Loneliness and MS: Could e-health be a Solution?

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By Rachel Horne

For people with multiple sclerosis, we know this much is true. Dealing with the physical side of the disease is just one part of the struggle.

Feeling alone is another.

Not only are people with MS significantly more prone to loneliness compared to the general population, but strong evidence shows it also puts our brain health and overall health at risk. It can lead to depression and anxiety; exacerbate our MS symptoms and increases our chance of heart disease, stroke, hospitalisation, suicide and early death.

This connection between mental and physical health has long intrigued Dr Vicky Leavitt, a neuroscientist and neuropsychologist at Columbia University in New York. For more than a decade, she has studied cognition and MS. In recent years, however, her research turned to looking at the effects of loneliness on people with MS and showing how moderated social support groups reduce anxiety and depression.

“It broke my heart to hear from my patients about how lonely they were and how nobody really understood what they were going through,” said Leavitt. “I knew I could bring them together with other people with MS who would understand; who would just get it.”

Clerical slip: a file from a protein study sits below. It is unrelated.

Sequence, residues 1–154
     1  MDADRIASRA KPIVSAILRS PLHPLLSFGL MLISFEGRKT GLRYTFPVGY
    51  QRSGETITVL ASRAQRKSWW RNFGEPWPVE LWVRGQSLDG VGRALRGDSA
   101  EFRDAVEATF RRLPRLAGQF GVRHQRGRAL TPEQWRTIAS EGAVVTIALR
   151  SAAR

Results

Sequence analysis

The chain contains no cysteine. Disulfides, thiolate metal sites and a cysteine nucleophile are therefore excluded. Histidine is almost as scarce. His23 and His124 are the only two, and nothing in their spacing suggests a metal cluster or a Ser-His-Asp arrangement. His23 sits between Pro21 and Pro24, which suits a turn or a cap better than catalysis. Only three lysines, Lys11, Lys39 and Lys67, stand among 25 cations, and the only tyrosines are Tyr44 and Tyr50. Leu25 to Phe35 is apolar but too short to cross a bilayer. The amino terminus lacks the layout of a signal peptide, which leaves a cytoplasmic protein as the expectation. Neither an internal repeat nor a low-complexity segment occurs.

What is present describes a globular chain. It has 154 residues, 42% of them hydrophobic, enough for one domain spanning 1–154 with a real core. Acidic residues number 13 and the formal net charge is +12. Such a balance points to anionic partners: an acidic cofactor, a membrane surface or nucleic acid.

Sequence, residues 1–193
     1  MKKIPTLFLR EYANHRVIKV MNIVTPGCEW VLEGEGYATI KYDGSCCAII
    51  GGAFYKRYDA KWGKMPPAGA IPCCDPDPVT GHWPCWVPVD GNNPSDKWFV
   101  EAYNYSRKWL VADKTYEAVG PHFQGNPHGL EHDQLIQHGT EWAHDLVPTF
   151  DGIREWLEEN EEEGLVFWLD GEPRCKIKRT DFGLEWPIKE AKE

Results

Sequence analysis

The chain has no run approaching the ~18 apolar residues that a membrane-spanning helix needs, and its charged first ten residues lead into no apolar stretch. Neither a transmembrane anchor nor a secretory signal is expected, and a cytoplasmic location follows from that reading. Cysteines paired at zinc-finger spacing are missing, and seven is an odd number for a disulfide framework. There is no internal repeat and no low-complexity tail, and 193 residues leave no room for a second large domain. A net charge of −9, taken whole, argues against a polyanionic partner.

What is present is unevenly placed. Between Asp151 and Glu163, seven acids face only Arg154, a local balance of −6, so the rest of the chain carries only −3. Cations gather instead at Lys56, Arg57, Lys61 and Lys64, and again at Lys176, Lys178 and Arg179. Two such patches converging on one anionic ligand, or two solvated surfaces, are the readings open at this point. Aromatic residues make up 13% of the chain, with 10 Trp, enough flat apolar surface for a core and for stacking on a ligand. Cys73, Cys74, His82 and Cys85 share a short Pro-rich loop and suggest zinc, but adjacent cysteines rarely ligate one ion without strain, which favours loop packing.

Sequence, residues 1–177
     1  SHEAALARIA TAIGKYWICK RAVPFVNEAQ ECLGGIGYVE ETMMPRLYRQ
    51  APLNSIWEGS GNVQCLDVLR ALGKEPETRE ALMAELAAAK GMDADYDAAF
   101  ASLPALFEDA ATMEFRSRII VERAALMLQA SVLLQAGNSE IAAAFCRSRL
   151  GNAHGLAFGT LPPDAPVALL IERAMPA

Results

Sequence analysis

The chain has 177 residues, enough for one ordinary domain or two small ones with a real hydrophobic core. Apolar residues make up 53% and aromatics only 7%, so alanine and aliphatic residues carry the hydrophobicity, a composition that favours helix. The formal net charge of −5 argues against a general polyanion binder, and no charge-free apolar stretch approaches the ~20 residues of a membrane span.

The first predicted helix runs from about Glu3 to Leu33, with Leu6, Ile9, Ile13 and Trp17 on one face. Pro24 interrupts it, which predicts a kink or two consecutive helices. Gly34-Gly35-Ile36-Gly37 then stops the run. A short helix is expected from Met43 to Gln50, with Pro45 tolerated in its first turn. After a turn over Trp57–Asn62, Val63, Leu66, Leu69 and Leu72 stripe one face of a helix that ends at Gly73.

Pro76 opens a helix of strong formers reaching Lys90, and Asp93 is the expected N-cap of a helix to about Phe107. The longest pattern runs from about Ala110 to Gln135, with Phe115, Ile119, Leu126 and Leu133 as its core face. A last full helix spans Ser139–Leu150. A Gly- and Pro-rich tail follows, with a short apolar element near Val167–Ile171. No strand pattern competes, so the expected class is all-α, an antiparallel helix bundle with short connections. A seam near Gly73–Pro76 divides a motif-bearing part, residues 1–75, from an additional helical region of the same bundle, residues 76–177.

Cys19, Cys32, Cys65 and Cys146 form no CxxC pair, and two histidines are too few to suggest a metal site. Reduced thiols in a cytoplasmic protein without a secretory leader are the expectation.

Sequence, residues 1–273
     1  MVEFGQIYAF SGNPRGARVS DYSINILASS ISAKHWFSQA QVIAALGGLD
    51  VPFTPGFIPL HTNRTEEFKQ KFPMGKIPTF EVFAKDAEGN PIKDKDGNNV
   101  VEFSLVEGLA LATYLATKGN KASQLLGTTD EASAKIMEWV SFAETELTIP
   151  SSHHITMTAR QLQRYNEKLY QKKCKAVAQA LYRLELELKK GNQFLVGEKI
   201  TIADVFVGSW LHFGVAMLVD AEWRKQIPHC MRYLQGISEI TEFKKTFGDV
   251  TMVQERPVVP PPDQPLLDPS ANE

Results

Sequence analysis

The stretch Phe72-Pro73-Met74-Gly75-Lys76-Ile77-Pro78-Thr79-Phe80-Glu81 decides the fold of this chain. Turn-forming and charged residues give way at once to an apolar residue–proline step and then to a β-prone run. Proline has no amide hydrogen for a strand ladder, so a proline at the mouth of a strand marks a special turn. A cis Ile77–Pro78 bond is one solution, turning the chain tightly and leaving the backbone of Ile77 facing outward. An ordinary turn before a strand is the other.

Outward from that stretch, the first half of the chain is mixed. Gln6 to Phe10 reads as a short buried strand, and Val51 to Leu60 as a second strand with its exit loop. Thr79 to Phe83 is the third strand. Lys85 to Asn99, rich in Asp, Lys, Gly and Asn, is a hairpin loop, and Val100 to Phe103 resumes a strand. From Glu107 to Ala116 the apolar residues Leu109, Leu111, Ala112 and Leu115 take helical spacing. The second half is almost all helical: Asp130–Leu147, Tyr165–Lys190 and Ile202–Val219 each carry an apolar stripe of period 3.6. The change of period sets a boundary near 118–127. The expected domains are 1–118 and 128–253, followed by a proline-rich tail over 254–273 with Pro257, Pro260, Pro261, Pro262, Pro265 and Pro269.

So in 2019, she set up eSupport Health: a company which offers professional moderated support groups for people with MS – which take place online. This was deliberate as she knew many people with MS face logistical problems travelling. It also turned out to be very prescient during the Covid-19 pandemic.

Then last year, she partnered with the National MS Society to run the CONNECT study – aimed at seeing if a if a 12-week, program of professional online support group participation improves mood, depression and quality of life in people with MS – and, in particular, Black and Latinx people. Groups, we know, who have traditionally been overlooked in MS research and undertreated for mental health.

To learn more, I chatted with Dr. Leavitt. The interview has been condensed and edited for clarity.

Why MS?